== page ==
Susan McGrath, C.M., a professor in the School of Social Work in the Faculty of Liberal Arts & Professional Studies, has been selected by the Social Sciences and Humanities Research Council of Canada (SSHRC) as one of three finalists for the prestigious SSHRC Impact Award. The Partnership Award recognizes a SSHRC-funded formal partnership, through its Director, for outstanding achievement in advancing research, research training or knowledge mobilization, or developing a new partnership approach to research and/or related activities. The award is granted to a SSHRC-funded partnership, operating through shared resources and leadership, that has influence within or outside of the social sciences and humanities research community.
McGrath’s innovative work in leading the Refugee Research Network (RRN) positions her as the ideal nominee. The Refugee Research Network is a tremendously successful model of research partnerships that works to improve the well-being of refugees and forced migrants. Originally titled A Canadian Refugee Research Network: Globalizing Knowledge, the Network was awarded a $2.1 million SSHRC Strategic Knowledge Clusters Grant in 2008.
“The Refugee Research Network is intended to establish a global network of academics and practitioners working on refugee issues to generate knowledge, to the benefit of people who are displaced,” says McGrath. “The idea is that we would work collaboratively, generating knowledge, but also that we would disseminate and share that knowledge. So it has a goal of creating and mobilizing knowledge, an active strategy.”
The RRN is composed of multiple networks and research clusters of experts in a variety of fields, who are charged with generating knowledge regarding refugee issues in their geographical regions. These groupings include policy actors, such as government agents who influence policies surrounding displaced peoples. Institutional partners, many based at universities, are spread across the Global North and South, staying in contact and sharing knowledge using various online platforms. The RRN meets annually in Toronto or in conjunction with the Conference of the International Association for the Study of Forced Migration. In 2014, the RRN met at the Conference held in Bogotá, Colombia and will gather for IASFM16 in Poznan Poland in July 2016.
“You need face-to-face communication, initially at least, in order to maintain online or virtual communication. That has been an important part of our learning on how you set up partnerships and how you maintain those relationships,” McGrath says.
As they share knowledge amongst the partners, the networks in turn exchange knowledge with refugees and forced migrants, most of whom are located in nations of the Global South. The RRN’s Facebook page has over 19,000 users including refugees and people who may become refugees. They post and gather information such as safe travel routes and are able to provide active feedback on the RRN’s reports.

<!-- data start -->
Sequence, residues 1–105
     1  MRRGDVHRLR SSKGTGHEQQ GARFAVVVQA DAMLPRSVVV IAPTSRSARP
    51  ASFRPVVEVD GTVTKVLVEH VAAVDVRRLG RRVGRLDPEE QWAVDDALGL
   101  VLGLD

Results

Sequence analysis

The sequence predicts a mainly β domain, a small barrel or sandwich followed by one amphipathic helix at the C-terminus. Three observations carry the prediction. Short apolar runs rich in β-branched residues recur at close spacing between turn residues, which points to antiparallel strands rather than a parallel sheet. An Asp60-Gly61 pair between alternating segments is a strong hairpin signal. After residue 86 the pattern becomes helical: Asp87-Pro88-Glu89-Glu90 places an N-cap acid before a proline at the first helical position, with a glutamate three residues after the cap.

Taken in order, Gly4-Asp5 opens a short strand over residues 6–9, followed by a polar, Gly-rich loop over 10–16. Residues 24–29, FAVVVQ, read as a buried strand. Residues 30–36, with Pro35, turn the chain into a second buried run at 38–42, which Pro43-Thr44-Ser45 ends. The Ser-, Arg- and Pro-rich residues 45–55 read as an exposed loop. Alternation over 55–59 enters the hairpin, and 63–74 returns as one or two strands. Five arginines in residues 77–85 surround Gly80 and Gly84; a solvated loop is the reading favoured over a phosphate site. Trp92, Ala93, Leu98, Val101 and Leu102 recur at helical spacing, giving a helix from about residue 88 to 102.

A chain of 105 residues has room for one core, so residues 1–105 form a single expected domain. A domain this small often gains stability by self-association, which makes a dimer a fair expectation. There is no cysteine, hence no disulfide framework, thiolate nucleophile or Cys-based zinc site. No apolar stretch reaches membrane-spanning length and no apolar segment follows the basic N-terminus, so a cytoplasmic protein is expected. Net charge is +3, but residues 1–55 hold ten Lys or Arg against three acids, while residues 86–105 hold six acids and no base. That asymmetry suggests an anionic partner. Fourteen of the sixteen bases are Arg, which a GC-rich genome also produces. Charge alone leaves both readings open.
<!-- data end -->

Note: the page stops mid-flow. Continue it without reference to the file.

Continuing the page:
“The Facebook page has been probably our biggest way of disseminating knowledge particularly to the field, to actual refugees, and students use it a lot in terms of sharing ideas of job opportunities, for instance,” says McGrath. “We mainly work in English, but our website is accessible in six languages, including Arabic, French, Spanish, Swahili and Somali.”
McGrath, Director of York University’s Centre for Refugee Studies from 2004-12, was awarded the Order of Canada in 2014 for her contributions to refugee rights’ research and policy, as well as for nurturing scholarly collaborations.
Her newest research collaborations have her working with computer scientists including researchers in her Faculty’s School of Information Technology. “My current project looks at how we can use Big Data to inform or anticipate the forced displacement of people, so humanitarian actors can better plan or respond to forced displacement,” she says. “As computer and social scientists, we’re enjoying working together. We have different cultures and different approaches, but we’re learning a lot with each other and I’m really impressed by the interest of our computer science colleagues in our work and also what they bring, their knowledge and ability to manage large amounts of data. We really need to be open to working across disciplines, across sectors, in order to generate the best knowledge so we can better serve society.”
The Partnership Award is awarded to a partnership that, through mutual co-operation and shared intellectual leadership and resources, has demonstrated impact and influence within and/or beyond the social sciences and humanities research community. The annual Impact Awards recognize the highest achievements from outstanding researchers, students and research partners in social sciences and humanities research, research training, knowledge mobilization and scholarship funded partially or completely by SSHRC.
The winners in each category — as well as the gold medal recipient — will be presented with their awards at a ceremony in Ottawa on Monday, Nov. 16, 2015.